Opinion: Volume I: The modern issue with beauty


“Body image includes both how you feel about your appearance and what you see when you look at yourself in the mirror. Often, this mental image can be quite different than reality, especially for those struggling with an eating disorder.” Information from: Anad.org

Riley Ramirez and Peyton Redmond

(Trigger Warning): A preview to the relations between social media, ED’s and self-esteem.

Being a teenager in today’s world is being overwhelmed with the media and being harmfully influenced due to the standards in which we set for ourselves. Self-esteem, specifically in teenagers, is viewed differently today than it was a decade ago. Beauty standards–regarding both men and women–have shaped our lives growing up, whether that be to lose or gain weight.  The media today often portrays the thin waist and voluptuous curves of a woman, which is extremely idolized in today’s society. But what the media doesn’t recognize is the tens of thousands of young men and women who struggle to accept themselves over this same fit, those who can’t help but deprive themselves of food to try and fit into the standard.

Junior Martie Pecht voiced her thoughts, “I think beauty standards are completely unrealistic and absurd. Not every girl could be a size zero and no one should try. People are built differently and society has led people to believe that they need to be the same size and look the same way. This ideal really affects people, including me, and makes them believe that they are not good enough.” It’s a silent issue, a part of a global emergency that kills about 10.2 thousand people each year, about one death every 52 minutes, according to ANAD, the National Association of Anorexia Nervosa and Associated Disorders. That is 10.2 thousand lives that were ultimately taken because they were trying to fit into a societal construct or couldn’t accept not fitting into it.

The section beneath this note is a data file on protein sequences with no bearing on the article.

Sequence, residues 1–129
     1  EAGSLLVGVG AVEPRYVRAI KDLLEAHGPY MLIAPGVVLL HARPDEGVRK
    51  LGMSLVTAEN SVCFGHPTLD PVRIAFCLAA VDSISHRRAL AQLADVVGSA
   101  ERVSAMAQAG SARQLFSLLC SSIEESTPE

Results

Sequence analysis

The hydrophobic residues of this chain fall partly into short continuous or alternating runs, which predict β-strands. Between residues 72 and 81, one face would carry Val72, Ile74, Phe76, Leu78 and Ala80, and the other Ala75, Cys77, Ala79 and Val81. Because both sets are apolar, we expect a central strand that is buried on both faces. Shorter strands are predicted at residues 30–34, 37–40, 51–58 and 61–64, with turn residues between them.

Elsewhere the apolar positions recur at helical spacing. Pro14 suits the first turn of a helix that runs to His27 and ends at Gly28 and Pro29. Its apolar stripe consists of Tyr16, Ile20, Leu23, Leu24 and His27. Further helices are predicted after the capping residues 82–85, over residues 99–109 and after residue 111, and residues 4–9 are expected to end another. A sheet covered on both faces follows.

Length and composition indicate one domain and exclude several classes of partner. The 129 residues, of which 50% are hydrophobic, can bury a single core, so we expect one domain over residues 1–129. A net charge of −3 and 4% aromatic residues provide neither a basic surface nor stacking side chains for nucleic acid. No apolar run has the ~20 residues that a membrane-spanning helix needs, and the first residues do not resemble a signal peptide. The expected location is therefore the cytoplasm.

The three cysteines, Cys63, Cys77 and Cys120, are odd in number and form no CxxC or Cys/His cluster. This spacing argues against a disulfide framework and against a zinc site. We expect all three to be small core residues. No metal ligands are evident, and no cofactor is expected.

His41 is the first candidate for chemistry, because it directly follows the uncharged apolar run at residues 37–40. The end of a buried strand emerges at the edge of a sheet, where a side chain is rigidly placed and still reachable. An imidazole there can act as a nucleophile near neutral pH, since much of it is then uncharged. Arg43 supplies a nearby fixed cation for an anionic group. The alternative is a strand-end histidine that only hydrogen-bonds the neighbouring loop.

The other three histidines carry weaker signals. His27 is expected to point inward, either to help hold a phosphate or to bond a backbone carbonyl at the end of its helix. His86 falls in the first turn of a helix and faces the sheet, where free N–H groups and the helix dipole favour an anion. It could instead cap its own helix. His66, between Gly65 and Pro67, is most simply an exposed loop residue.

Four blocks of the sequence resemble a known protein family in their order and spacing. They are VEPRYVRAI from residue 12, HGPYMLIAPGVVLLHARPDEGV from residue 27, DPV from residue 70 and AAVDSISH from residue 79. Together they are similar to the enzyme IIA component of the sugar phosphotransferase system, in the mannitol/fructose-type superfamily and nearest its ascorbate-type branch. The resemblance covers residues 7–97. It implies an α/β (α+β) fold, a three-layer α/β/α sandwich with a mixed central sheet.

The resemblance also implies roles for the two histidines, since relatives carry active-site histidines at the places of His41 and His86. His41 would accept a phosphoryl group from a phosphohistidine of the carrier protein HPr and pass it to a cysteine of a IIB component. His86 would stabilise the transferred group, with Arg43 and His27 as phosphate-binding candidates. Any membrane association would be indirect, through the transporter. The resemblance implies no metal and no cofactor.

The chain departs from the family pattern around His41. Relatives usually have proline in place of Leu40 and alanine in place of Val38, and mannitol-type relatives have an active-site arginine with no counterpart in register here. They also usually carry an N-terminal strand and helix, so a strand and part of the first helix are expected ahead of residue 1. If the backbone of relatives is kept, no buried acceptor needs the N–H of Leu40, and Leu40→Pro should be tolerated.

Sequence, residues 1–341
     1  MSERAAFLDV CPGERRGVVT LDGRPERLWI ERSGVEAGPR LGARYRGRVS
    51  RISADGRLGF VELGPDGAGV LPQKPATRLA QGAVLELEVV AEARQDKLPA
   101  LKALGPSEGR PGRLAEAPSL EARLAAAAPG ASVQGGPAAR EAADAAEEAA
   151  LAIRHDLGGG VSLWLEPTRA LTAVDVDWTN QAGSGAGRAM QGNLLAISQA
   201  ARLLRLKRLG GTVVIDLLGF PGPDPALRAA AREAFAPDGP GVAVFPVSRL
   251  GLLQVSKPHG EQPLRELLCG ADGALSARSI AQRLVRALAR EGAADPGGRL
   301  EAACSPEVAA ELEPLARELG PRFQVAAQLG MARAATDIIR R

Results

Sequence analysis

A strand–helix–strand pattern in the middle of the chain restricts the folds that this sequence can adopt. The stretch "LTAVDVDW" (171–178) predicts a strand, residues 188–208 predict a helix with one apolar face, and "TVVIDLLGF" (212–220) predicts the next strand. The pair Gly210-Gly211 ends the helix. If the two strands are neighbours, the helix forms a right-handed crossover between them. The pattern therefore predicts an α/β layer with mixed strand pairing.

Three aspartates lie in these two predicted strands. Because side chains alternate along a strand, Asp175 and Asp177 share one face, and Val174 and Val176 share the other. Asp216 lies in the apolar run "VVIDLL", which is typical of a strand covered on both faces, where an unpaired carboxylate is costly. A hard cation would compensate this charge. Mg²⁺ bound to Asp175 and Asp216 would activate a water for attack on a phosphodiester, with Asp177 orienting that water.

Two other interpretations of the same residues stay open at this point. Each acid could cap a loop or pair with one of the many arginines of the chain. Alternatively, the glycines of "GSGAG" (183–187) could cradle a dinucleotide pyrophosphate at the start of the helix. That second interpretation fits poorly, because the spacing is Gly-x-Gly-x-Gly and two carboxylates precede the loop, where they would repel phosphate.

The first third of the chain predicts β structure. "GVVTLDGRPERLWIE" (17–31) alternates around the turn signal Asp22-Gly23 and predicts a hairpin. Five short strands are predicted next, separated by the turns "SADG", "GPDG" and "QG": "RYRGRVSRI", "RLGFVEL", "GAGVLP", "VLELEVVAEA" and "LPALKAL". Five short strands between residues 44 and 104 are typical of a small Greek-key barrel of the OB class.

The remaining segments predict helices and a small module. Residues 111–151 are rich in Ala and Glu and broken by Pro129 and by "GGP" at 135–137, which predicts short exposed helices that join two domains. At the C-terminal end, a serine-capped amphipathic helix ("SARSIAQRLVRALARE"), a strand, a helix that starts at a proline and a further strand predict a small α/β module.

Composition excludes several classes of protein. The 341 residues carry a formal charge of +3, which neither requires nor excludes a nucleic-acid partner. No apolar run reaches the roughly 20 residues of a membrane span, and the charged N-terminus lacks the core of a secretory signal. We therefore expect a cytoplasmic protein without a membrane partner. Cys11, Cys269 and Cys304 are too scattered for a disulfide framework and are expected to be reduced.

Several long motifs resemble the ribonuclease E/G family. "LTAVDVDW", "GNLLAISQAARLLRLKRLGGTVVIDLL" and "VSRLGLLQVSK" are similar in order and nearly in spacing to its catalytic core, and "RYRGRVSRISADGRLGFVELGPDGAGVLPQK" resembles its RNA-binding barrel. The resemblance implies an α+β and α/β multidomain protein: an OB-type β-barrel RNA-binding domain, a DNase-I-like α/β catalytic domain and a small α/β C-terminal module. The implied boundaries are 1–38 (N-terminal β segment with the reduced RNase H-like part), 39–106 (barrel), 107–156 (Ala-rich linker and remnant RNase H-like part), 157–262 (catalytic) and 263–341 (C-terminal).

According to recent studies, there is no direct association to what causes an eating disorder. Everyone is different, and what feels normal for some could trigger a series of trauma for the other, making it difficult for them to get through just another average day. According to the American Psychiatric Association, eating disorders are illnesses in which the people experience severe disturbances in their eating behaviors, related thoughts and emotions. The typical mental state that many have of  “skinny is normal,” act as a butterfly effect for those who don’t think the same way, making it extremely difficult to live in a world where all body images are normal. 

The media’s aid in this issue is indisputable and can be seen through various ads and platforms. Whether it be in commercials promoting dietary plans that claim to help you shave off X amount of weight in an unreasonable amount of time, or social media ads promoting items such as compression pants or waist trainer belts promising you a flat stomach or a cinched waist. They’re traps. Individually, these ads are short lived — nothing but a tap or scroll, but when these advertisements are constantly boosted on the media and shoved down consumers’ throats, the sales correlate. They take advantage of peoples’ desire to fit into society’s detrimental construct and use it for their own benefit, leaving your pockets empty and aspirations unfulfilled.